Posted by: rcwriter | September 12, 2008

Fiction Friday

It’s Fiction Friday  again. Here’s a story I wrote a while back to be silly. For more great Friday Fiction, visit

Birth of a Desert

Rhonda Clark, (c) 2007

His eyes surveyed the dry, parched grass. What once had been lush, green and soft was now shriveled and brown. A frown covered Ug’s face. He sat down on the prickly blades under the last remaining shade tree that adorned the Savannah. The dehydrated ground had released all the other heavy trees from its grasp, allowing them to topple over. Ug was sad. The whole tribe was hungry, and growing thirsty. The river dried up a few suns ago and the last of the reserved water would be gone tomorrow. He didn’t really want to move—this valley had been his home for the cycle of more moons than he could remember. This is the only place his son knew as home. Leaving here would be difficult.

He walked over to the cracked, orange-colored riverbed, and searched it for one inkling of hope—just one drop of water would convince him to stay.

Ug stared into the riverbed for a very long time.

The only droplets that appeared were the ones from his forehead, and he learned a long time ago that those weren’t fit to drink. Even so, they disappeared into the ground as quick as they landed.

Ula had been hinting for a while it was time to move on. She could no longer provide nourishment to their son, and the rest of the tribe was beginning to grumble about the lack of sustenance, too.

Ug decided it was time to announce a move.

He turned and headed towards camp, disheartened.

Before Ug could take a handful of steps, he saw Nud rushing in his direction. This was not a welcome sight. Nud was known for hare-brained schemes and contraptions that never worked. Right now, Ug had no patience for Nud.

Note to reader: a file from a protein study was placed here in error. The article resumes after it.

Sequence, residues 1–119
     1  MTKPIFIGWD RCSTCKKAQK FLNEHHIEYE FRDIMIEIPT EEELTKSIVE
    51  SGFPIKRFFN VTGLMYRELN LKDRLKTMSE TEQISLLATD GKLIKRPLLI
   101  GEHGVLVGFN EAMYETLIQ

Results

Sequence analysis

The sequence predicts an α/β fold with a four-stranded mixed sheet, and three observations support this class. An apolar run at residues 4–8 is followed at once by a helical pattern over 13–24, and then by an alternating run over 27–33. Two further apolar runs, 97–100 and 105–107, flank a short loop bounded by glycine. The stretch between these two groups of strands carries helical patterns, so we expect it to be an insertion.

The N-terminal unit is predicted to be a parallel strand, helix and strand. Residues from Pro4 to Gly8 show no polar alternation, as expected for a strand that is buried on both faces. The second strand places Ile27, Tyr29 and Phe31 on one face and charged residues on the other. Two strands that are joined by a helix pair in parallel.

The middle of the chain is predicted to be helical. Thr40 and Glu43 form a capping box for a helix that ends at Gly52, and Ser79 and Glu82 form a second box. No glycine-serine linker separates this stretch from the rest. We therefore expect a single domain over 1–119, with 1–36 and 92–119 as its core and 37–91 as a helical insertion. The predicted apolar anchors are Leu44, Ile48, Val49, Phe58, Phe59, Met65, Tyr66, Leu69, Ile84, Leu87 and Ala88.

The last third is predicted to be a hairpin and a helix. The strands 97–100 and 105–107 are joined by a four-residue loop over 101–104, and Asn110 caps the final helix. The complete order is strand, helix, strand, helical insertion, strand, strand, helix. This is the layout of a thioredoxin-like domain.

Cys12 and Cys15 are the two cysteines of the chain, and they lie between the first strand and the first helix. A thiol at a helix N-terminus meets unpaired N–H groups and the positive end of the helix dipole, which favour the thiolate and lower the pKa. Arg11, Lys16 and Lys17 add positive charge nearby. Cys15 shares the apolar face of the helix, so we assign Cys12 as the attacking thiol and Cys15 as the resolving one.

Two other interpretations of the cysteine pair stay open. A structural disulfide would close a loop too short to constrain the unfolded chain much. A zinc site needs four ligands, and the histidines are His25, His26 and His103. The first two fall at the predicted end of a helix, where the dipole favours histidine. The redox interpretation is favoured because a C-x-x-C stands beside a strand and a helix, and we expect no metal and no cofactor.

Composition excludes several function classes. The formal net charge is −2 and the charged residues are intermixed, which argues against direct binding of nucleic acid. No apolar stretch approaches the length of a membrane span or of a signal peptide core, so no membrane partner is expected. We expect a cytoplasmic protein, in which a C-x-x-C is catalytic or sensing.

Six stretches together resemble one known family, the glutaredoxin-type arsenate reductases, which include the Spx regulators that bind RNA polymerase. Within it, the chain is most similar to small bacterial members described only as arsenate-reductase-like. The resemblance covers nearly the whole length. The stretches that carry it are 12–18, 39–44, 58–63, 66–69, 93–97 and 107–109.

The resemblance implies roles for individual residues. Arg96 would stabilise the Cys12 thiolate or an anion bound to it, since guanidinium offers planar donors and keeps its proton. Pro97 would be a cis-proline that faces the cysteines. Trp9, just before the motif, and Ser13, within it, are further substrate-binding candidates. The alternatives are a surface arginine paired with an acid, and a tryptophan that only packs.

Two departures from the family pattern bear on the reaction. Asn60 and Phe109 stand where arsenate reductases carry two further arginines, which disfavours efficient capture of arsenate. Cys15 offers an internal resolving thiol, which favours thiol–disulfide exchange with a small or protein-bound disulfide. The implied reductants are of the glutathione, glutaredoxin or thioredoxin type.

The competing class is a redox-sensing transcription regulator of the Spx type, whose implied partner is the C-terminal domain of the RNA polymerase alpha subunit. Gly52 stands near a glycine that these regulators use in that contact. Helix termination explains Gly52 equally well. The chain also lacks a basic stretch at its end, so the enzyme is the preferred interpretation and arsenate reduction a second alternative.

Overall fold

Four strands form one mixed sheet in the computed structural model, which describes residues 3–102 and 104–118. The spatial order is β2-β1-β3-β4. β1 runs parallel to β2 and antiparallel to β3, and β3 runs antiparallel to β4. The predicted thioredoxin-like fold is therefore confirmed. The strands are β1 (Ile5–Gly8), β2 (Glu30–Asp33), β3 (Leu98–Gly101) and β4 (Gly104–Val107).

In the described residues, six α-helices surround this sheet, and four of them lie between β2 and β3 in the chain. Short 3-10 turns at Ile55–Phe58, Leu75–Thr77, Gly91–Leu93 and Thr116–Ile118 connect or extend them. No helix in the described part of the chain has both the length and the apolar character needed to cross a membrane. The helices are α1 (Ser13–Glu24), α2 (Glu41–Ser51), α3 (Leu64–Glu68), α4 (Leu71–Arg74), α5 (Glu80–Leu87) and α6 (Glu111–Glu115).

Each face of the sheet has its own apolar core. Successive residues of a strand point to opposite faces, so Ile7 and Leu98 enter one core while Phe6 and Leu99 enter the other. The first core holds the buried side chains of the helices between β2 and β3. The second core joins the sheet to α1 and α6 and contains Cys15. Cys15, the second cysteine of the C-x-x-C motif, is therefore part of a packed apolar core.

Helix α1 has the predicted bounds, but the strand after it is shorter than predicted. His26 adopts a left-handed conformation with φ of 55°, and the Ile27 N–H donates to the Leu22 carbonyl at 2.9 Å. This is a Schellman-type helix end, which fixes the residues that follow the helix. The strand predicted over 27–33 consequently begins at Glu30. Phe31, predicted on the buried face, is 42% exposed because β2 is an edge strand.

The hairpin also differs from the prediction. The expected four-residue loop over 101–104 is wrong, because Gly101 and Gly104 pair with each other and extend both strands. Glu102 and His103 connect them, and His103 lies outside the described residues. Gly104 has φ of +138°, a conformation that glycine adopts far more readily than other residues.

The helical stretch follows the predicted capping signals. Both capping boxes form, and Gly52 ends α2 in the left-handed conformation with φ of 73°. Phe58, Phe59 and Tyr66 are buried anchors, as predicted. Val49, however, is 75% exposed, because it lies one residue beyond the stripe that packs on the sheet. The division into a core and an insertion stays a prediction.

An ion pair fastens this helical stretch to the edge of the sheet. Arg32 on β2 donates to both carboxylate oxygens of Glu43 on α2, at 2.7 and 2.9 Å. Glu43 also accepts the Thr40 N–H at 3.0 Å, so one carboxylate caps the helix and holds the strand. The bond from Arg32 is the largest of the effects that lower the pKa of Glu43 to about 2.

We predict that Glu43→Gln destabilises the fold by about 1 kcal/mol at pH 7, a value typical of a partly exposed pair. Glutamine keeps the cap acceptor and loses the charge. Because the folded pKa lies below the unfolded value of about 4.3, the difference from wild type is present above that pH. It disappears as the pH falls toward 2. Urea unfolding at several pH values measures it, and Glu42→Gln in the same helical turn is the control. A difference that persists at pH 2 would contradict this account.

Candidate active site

“Ug, Ug, see, see.” Nud held up a couple of stone pieces.

Ug held out his hands and frowned. He shook his head, “No, no. Go.”

Nud was persistent; he refused Ug to pass.

Ug stopped and stared at the stones.

With excitement, Nud began to beat the pieces of rock together.

Uninterested and preoccupied, Ug tried to leave again. He pushed Nud out of the way. When he did, a giant flash of light flew from the stones.

“Eeeiii,” Nud dropped the stones. The ground began to glow orange, and a white cloud filled the air, stinging their eyes and stealing their breath.

Frightened, Ug and Nud ran to the campsite. They gathered the others to show them what was happening to their beloved Savannah. The tribe watched in horror at the changing landscape.

All night the orange glow engulfed their homeland. Daybreak revealed a very different landscape. The tribe readied themselves to journey on to greener pastures with fresh, flowing water.

Once more, Ug surveyed his home. It was black, and charred. He had never seen his home so ugly. Even the parched land was better than this. A tear slid down his cheek as he led his tribe toward the hills.

Many years later, Ug returned to the home where his son was born. Now, Ug’s hair was the color of knowledge and so was his son’s. He topped the hill where he could cast his gaze across the blackened land he left, and great disappointment filled him. His great valley was no longer lush and green. It wasn’t even black and charred, but covered in sand: grainy, coarse, brown sand. Ug dropped his head into his hands and sobbed.

Nud walked over next to him and tried to comfort his leader. He shook his head and said, “Sa-harrible.”

Ug looked at Nud and punched him in the arm.


  1. What incredible descriptions. I felt like I was standing in the background watching the fire unfold. Thanks for participating!


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